Working lands, wildlife habitat and clean water at heart of $235,000 allocated for two voluntary conservation agreements in Sheridan County

It was a great day for working lands, wildlife habitat and conservation in Sheridan County. On Tuesday, April 14, the Wyoming Wildlife Natural Resource Trust (WWNRT) approved $235,000 that will be used by the Sheridan Community Land Trust (SCLT) to help complete two voluntary conservation easements totaling a little more than 550 acres.

SCLT Executive Director Brad Bauer said WWNRT’s authorization of funds lays the groundwork for the final phase of completion on two properties that conserve key migratory habitat and safeguard clean water while ensuring important range and hay ground remains in production.

One property, he explained, includes two miles of Clear Creek and, once complete, will become the easternmost voluntary conservation agreement in Sheridan County. The property will aid in rehabilitation efforts for the Greater Sage-grouse, as the tract of land is contained within the signature sagebrush bird’s migratory corridor. The stretch of Clear Creek serves as key seasonal habitat for a number of migratory birds like cranes and ducks while the surrounding riparian area is home to many songbirds that nest in the willowed oasis surrounded by a sagebrush and grassland sea.

Clear Creek’s free flow is essential year-round habitat for a host of warmwater prairie fishes like chubs, darters, and stonecats, while the Kendrick Dam bypass allows the stretch to be used during spring spawning runs by channel catfish, sauger, and even shovelnose sturgeon, some of which travel upstream from as far as 300 miles away in the lower Powder River.

In contrast, the second property safeguards seasonal wetlands utilized by a plethora of birds, frogs and turtles within the Tongue River watershed. Bauer added that the property can attain water quality targets identified by the Tongue River Initiative, a collaborative working group which includes the Sheridan County Conservation District, The Nature Conservancy in Wyoming and SCLT.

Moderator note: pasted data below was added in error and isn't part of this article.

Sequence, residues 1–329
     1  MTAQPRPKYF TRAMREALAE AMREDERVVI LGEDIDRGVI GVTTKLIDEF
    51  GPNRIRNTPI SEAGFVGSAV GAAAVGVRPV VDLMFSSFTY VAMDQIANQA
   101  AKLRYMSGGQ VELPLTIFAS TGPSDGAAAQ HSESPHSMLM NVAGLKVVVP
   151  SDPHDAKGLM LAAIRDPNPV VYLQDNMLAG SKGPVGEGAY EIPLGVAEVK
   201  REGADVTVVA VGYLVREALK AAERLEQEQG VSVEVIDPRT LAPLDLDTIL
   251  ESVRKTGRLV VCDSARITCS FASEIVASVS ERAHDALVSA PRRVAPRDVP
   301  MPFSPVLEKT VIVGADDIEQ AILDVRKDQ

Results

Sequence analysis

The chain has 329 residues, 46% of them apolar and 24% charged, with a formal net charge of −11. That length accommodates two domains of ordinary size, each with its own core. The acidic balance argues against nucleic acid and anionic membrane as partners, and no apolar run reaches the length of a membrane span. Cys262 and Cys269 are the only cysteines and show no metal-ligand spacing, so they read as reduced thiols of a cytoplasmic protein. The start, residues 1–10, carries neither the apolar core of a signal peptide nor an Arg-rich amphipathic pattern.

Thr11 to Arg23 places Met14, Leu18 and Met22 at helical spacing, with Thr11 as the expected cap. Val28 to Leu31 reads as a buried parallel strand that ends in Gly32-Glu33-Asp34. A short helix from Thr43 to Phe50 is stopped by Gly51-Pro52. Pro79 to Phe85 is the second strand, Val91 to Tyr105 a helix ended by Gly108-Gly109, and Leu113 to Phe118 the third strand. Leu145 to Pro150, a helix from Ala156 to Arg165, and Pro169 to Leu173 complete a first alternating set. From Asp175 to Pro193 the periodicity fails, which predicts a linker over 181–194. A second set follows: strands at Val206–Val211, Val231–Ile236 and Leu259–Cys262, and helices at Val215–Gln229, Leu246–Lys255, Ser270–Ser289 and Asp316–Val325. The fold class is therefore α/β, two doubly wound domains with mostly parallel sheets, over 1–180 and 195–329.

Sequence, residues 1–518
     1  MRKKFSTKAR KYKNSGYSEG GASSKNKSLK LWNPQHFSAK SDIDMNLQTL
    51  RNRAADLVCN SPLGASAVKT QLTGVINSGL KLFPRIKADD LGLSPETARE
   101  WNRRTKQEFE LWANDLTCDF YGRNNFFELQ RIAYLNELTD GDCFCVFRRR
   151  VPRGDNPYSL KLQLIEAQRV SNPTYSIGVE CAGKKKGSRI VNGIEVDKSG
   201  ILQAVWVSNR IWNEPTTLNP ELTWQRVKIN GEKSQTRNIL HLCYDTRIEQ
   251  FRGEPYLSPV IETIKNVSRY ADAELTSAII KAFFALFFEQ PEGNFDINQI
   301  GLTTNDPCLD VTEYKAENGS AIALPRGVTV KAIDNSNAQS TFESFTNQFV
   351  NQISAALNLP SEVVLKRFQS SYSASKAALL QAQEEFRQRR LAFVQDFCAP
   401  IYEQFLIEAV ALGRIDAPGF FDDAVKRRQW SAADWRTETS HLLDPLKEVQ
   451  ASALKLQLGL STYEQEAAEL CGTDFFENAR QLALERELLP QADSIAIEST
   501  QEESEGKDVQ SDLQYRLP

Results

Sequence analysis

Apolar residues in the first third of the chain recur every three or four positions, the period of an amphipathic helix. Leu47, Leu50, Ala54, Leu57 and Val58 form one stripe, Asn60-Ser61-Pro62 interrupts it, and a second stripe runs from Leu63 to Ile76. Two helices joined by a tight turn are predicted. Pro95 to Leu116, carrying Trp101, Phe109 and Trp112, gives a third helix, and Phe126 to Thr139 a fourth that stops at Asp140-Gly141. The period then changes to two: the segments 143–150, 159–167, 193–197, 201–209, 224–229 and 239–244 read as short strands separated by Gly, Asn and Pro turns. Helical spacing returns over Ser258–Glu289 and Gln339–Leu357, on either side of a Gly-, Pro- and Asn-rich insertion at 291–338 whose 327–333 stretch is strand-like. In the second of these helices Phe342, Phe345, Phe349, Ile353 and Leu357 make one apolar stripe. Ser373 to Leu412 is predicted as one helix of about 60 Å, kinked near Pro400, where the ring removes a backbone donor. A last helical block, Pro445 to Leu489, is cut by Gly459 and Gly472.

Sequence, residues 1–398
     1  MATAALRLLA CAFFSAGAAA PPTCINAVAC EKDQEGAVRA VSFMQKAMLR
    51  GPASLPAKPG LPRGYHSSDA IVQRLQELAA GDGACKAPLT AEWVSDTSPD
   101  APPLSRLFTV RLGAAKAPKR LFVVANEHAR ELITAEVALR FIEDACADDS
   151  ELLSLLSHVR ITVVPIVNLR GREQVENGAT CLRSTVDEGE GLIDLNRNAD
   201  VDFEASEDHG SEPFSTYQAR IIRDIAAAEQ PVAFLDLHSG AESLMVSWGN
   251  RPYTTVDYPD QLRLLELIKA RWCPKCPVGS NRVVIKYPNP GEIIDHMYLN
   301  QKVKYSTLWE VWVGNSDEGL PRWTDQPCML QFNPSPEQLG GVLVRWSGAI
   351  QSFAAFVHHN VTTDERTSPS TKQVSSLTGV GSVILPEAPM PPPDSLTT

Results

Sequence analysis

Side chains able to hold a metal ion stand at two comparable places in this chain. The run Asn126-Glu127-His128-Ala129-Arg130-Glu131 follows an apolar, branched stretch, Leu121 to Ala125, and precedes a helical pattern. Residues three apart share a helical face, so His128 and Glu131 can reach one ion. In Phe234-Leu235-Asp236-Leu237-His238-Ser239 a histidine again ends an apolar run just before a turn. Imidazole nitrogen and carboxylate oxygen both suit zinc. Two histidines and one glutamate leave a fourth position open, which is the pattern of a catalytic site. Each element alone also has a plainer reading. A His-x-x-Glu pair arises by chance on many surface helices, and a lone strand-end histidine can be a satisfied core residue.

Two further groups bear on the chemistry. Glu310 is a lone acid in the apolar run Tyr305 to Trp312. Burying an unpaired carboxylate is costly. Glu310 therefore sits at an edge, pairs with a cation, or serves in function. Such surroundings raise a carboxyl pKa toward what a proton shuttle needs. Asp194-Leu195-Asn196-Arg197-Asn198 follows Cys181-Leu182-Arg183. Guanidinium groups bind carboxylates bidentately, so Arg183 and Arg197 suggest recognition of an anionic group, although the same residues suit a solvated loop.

Both properties include important native upland habitat and are home to many mule deer.

“It was awesome to see the families who own these properties choose to ensure their lands remain working productively for their ranching operation while keeping land intact and water clean by working to create voluntary conservation easements. And we’re thankful the WWNRT recognize those families’ work by approving funds to ensure the people of Sheridan County and beyond will benefit from conservation efforts at these sites today, tomorrow and every tomorrow,” Bauer asserted.

He said SCLT will now work with the Natural Resource Conservation Service to complete the final phase of the conservation projects, a process he said typically takes between 18 and 24 months.

“Today was a win for working lands, wildlife, conservation and everyone who values how they come together to create what makes our Wyoming wonderland so wonderful,” Bauer concluded.

Sheridan Community Land Trust has worked with local landowners to create and maintain voluntary conservation agreements on 11 sites totaling 3,500 acres.

Chris VrbaWorking lands, wildlife habitat and clean water at heart of $235,000 allocated for two voluntary conservation agreements in Sheridan County